Recently, I’ve been sharing my story with more people.
And it seems as soon as I mention property, there’s sometimes an assumption that we got rich off the east coast property boom.
Admittedly, I’ve been lucky in many other ways, which I wrote about recently.
And while I would love to say we made a lazy few million from holding real estate in Sydney and Melbourne which enabled our early retirement, that’s just not the case.
Now, we did make money from property as it was our investment of choice in the beginning. But the properties themselves didn’t actually boost our wealth as much as you might expect.
Yes, I know that sounds strange. There’s a few reasons for this. Let me explain…
Since we’re Perth based, we bought our first few properties in our home city, as most people do.
Having held these properties for 6-8 years now, the results have been poor. The Perth economy has struggled since the mining downturn from 2011-12, and the property market has followed suit.
On average, these properties have increased by about 5%, in total, over that time. Not each year. In total!
While this is disappointing, it’s not uncommon for a city to experience zero price growth for many years at a time.
Of course, there’s no guarantee, but I do expect the next 8 years to be better than the last. And most economic data is suggesting that the Perth economy is now steadily improving.
“Ok, I hear you, Perth didn’t do so well. But what about your other properties?”
So, luckily we decided to buy the next few properties in the eastern states. Two in Melbourne, one in Sydney and one in Brisbane.
We’ve made some better returns on these properties, but again, not as much as you might expect.
Because of the shorter time-frame involved with these properties (under 5 years) the gains have been partly diluted by…
Because we bought these properties from interstate, we used buyers agents. And while they did a good job, they weren’t free!
So, the transaction costs on a typical $600k investment property in Melbourne, for example, look something like this…
Stamp Duty – $32,500 (roughly 5% of the property value)
Buyers Agent – $15,000 (roughly 2.5% of the property value)
Settlement Costs – $2,500 (basically admin and bank fees)
Total = $50,000
This is a cost we need to recoup before we start making any money.
Also, remember rental yields aren’t exactly generous in the capital cities of Australia.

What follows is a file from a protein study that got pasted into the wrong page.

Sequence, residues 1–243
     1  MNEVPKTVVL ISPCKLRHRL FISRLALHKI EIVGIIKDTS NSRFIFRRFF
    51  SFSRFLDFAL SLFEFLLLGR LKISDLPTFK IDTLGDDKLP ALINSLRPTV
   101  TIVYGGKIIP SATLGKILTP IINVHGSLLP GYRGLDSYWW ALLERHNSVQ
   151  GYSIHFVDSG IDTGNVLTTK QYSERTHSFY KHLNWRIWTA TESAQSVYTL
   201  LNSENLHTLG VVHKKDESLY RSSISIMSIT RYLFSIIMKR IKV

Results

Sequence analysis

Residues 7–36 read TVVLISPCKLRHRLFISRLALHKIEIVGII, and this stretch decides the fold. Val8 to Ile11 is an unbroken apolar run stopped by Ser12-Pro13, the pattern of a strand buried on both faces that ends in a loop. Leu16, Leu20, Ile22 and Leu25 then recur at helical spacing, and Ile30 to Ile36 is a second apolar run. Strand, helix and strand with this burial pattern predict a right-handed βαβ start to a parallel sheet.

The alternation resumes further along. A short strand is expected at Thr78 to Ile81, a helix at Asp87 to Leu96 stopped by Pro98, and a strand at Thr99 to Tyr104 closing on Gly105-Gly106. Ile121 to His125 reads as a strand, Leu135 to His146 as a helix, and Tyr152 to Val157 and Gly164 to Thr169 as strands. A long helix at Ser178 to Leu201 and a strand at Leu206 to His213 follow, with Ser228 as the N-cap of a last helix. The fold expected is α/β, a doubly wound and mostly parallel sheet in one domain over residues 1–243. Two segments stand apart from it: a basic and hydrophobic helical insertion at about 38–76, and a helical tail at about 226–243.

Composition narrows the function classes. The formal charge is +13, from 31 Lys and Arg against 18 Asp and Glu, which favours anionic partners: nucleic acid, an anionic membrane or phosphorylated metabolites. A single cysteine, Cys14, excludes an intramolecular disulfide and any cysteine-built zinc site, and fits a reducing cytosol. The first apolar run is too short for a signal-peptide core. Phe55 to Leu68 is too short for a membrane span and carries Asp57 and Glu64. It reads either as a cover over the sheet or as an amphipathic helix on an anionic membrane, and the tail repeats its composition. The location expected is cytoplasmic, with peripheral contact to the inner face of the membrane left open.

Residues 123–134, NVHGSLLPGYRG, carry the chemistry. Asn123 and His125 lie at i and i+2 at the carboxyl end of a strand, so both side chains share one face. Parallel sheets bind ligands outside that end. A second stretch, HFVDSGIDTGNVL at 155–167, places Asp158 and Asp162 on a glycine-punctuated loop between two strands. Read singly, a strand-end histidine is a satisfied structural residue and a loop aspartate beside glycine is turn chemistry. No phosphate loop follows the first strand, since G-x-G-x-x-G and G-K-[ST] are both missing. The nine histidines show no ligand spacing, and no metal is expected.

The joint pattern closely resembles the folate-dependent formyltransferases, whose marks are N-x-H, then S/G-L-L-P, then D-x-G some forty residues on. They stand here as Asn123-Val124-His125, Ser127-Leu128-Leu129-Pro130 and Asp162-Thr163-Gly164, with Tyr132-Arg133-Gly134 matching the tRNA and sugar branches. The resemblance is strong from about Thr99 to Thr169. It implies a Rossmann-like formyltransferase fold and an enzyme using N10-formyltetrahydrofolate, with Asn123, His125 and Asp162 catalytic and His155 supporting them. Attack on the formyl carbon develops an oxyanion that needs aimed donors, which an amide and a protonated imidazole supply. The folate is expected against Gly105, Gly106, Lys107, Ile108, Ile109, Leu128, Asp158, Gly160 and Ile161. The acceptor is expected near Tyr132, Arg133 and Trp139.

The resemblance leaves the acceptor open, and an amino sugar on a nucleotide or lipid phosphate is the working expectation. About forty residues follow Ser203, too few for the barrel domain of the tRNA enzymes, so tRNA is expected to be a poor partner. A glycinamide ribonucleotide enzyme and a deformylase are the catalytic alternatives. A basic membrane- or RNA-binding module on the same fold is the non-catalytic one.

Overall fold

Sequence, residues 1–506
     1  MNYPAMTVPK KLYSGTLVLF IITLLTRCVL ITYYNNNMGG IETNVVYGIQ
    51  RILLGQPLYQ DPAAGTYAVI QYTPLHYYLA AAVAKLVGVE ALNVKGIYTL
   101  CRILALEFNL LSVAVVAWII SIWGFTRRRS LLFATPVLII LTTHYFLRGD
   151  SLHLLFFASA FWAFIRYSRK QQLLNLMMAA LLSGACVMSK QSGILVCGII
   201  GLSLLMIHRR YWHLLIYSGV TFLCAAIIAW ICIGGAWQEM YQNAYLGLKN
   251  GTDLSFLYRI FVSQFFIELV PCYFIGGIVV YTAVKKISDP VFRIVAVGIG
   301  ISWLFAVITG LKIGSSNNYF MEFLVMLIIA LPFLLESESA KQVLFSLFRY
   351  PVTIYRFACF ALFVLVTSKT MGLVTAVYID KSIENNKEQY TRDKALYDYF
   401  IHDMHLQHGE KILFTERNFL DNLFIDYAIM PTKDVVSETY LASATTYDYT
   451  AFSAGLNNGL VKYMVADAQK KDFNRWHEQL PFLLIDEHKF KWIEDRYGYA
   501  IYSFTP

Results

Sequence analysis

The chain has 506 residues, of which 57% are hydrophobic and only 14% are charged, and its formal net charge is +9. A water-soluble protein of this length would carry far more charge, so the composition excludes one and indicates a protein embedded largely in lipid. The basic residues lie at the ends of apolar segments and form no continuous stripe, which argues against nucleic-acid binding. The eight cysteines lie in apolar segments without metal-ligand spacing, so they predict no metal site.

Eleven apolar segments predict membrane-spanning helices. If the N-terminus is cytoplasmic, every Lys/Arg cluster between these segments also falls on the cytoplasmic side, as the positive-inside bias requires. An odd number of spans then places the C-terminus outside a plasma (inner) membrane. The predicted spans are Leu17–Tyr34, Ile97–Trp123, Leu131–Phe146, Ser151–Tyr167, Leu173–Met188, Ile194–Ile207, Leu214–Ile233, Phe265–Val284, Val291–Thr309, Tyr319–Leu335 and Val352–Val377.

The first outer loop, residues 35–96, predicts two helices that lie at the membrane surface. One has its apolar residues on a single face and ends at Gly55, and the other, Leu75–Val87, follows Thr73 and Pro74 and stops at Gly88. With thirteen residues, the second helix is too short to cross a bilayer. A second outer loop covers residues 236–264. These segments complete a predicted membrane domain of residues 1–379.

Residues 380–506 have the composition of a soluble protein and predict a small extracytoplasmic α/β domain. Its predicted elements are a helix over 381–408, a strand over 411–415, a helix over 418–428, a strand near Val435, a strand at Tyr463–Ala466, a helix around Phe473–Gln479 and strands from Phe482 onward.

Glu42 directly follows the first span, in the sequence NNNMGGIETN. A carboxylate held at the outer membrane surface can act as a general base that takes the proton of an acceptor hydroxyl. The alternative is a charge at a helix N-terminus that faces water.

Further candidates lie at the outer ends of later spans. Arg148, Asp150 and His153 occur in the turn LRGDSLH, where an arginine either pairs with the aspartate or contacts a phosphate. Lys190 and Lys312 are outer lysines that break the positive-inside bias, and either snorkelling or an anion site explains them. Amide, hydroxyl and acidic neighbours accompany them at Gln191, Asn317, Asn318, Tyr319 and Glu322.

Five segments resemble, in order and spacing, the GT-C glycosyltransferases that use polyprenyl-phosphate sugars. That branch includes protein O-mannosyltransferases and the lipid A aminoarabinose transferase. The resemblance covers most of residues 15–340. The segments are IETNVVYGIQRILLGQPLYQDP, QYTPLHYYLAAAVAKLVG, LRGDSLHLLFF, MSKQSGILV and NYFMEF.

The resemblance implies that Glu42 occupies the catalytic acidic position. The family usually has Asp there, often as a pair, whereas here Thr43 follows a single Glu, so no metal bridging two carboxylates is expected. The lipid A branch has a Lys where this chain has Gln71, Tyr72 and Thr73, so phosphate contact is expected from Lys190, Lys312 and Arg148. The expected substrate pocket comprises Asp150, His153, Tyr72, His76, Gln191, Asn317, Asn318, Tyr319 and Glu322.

Yields for units tend to be around 4%, and houses even lower. After expenses and maintenance, which usually hoovers up at least a third of the rent, we end up with around 2-2.5% net yield.
I underestimated the costs myself in the early days. Surely, I thought, it can’t be that much?
Well it can. Sometimes we have a good run. But eventually, the costs somehow have a way of reaching 35-40% of the rent.
Even the staunchest of property investors can’t argue much with this point. The truth is, capital city residential property is a very expensive asset class to own, shown by transaction costs, low yields and large ongoing expenses.
With mortgage rates around 4.5%, it means we’re out of pocket about 2-2.5% per year, unless we put in a large deposit. Or, probably around 1.5% after tax benefits.
On a $600k property, this is around $9k per year.
As long as the property grows more than that on average per year (which is very likely), happy days. A well located property is likely to increase at least in line with household incomes. If it’s in a supply-constrained area with continual high demand from wealthy residents, it’s likely to do better.
These figures are fairly typical across our portfolio and from what I’ve seen, many other investors too.
So we have a scenario where the investment property is roughly $50k in the red from the start. And then, almost $10k per year out-of-pocket to hold.
Clearly, it doesn’t take much imagination to see that the first few years of price growth is just to break even.
After this, the gains are adding to your net worth. And they’re yours to keep. Well, unless you sell that is. Then, you’ll be up for more agents fees and some Capital Gains Tax.